From 5k runs to a 99-year-old walking sponsored laps in his garden, it’s clear the general public want to help the NHS staff risking their lives to keep the UK alive and well during the COVID-19 outbreak. But is fundraising for the NHS the most beneficial way to help staff and where is the money donating being used?
Since the outbreak, one of the biggest concerns our country has been facing is overwhelming the NHS. If it can’t run efficiently and safely then more people could lose their lives to COVID-19 or to other health complications. Already according to The Guardian, there have been 57 NHS staff deaths and it’s mostly ethnic minorities who are dying, accounting for 68% of those deaths.
But what’s happening to the NHS is far more complex than donating to charity alone can fix.
The National Health Service is funded by taxpayers money, making it a free service. But a decade of underfunding due to austerity and a growing and ageing population amongst other issues means the NHS was already under immense stress before the pandemic even began.
While the NHS isn’t a charity, they do have charities affiliated with them – NHS Charities Together is an umbrella of charities linked to individual hospitals, and this is where donated money from Run For Heroes is going. The donations, however, cannot be used for core” clinical services, staff salary or for life-saving Personal Protective Equipment (PPE), instead, it’s used for well-being packages, gifts, and helping pay for things like parking.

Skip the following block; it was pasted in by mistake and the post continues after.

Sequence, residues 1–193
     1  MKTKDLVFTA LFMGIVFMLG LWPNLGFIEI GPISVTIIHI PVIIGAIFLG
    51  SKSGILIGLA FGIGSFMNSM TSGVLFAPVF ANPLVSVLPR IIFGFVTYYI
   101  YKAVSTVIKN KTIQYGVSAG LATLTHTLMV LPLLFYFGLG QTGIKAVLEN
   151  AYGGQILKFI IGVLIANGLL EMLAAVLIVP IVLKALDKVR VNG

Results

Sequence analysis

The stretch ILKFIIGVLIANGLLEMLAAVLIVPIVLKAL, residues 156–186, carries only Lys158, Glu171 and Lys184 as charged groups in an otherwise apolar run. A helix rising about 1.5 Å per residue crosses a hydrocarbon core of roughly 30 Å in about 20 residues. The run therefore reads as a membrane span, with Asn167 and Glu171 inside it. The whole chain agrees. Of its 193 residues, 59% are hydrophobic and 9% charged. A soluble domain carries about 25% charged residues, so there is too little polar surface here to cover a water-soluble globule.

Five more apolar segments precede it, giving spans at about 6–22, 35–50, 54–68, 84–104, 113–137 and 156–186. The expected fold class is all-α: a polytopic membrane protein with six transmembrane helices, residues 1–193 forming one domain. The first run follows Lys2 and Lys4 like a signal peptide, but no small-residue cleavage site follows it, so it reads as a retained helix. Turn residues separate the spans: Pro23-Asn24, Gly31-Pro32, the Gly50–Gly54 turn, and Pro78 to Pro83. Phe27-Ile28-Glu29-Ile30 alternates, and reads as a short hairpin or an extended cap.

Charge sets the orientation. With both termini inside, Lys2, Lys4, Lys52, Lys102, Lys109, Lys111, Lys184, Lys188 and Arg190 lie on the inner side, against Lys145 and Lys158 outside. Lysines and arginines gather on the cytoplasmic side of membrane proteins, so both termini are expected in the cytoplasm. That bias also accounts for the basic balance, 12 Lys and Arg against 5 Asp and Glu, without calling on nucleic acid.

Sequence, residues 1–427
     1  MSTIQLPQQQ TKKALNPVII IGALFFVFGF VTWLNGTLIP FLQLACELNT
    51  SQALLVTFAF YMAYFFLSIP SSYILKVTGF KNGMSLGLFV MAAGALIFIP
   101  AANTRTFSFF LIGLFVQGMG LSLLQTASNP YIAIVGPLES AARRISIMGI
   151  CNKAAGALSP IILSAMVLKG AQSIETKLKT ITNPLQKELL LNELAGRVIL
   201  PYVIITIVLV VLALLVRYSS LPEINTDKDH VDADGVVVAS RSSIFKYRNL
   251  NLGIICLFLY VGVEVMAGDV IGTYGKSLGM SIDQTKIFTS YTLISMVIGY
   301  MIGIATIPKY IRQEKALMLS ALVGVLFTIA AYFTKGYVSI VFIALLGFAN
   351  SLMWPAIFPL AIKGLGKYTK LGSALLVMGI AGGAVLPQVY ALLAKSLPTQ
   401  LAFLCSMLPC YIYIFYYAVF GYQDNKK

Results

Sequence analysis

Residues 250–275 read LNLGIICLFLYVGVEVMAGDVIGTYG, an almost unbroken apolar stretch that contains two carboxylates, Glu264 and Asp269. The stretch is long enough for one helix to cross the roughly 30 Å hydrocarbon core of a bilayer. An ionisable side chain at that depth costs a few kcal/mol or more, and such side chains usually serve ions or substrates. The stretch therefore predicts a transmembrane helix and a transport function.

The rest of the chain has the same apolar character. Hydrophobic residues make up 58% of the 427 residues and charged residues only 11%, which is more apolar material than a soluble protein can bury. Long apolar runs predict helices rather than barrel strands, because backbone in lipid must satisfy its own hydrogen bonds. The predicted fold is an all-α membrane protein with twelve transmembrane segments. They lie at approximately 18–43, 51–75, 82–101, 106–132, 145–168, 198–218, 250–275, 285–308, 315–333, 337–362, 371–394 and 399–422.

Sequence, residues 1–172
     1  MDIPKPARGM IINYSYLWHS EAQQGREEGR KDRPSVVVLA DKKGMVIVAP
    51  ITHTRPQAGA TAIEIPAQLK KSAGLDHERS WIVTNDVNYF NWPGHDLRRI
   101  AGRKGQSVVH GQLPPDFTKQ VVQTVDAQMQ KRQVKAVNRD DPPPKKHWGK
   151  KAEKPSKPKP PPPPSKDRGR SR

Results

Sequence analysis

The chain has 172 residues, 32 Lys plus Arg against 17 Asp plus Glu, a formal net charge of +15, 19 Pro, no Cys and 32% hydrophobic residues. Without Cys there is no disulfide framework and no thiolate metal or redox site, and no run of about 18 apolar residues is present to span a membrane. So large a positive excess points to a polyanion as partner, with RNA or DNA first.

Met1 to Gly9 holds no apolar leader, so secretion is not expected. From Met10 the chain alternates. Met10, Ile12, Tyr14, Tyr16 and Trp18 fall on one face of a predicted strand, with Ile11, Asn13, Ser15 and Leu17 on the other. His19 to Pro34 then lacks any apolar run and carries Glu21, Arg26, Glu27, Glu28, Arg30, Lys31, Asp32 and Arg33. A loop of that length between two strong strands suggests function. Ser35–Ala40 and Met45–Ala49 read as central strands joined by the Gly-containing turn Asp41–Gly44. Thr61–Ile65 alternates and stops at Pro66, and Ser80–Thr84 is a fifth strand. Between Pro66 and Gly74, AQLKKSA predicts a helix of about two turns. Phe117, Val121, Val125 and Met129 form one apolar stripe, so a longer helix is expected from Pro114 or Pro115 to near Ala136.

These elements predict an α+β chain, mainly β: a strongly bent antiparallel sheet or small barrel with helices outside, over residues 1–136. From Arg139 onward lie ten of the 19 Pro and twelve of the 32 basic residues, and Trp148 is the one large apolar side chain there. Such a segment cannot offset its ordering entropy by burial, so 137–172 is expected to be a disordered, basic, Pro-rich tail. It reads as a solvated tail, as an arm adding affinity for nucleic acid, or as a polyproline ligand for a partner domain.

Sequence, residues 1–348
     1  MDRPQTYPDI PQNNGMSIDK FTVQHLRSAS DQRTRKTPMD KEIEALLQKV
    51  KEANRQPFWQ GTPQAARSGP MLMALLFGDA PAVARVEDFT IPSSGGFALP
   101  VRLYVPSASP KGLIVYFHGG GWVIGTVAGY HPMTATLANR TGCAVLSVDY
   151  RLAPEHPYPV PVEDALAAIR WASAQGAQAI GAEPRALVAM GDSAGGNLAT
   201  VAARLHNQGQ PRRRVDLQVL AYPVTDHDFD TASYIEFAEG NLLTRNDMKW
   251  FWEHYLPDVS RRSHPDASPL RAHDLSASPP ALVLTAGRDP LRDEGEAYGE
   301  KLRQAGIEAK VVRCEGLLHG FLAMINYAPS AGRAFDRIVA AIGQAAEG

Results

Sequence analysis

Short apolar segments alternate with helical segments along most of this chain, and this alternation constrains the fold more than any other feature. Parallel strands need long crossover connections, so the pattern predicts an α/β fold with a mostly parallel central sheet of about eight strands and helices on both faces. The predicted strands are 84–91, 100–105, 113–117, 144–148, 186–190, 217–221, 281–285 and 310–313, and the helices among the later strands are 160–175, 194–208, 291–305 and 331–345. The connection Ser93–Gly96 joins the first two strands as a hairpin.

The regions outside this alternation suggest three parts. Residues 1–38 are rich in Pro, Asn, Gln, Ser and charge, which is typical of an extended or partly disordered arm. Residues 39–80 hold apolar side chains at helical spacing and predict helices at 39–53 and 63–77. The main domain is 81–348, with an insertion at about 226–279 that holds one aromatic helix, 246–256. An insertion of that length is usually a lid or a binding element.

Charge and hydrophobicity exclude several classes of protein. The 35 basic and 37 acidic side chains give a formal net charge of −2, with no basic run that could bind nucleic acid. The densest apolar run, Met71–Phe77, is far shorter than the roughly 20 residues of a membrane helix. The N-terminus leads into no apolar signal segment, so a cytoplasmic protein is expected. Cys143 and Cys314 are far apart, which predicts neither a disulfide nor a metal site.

Speaking to Bustle, Sexual and Reproductive Health Doctor and writer, Annabel Sowemimo acknowledges donating items does boost staff morale and “people raising money, making things and donating items are incredible,” but she also reiterates that the NHS is not a charity and “should be funded properly through taxation and its staff should be adequately remunerated for our time.” She added: “the lack of resources in this pandemic has occurred due to mismanagement and people need to be accountable.”
Since the pandemic hit, the UK has been slow to react. In The Sunday Times investigation addressing the failings of the government to act, they report there will be an inevitable investigation into “why so little was done to equip the National Health Service for the coming crisis” and “why it took so long to recognise an urgent need for a massive boost in supplies of personal protective equipment (PPE) for health workers; ventilators to treat acute respiratory symptoms; and tests to detect the infection.”
While the onus shouldn’t be on the public and individuals to support and properly fund the NHS outside of taxes, understandably many will want to show gratitude. So if you still do want to help those working and at risk, here are five meaningful ways to show support.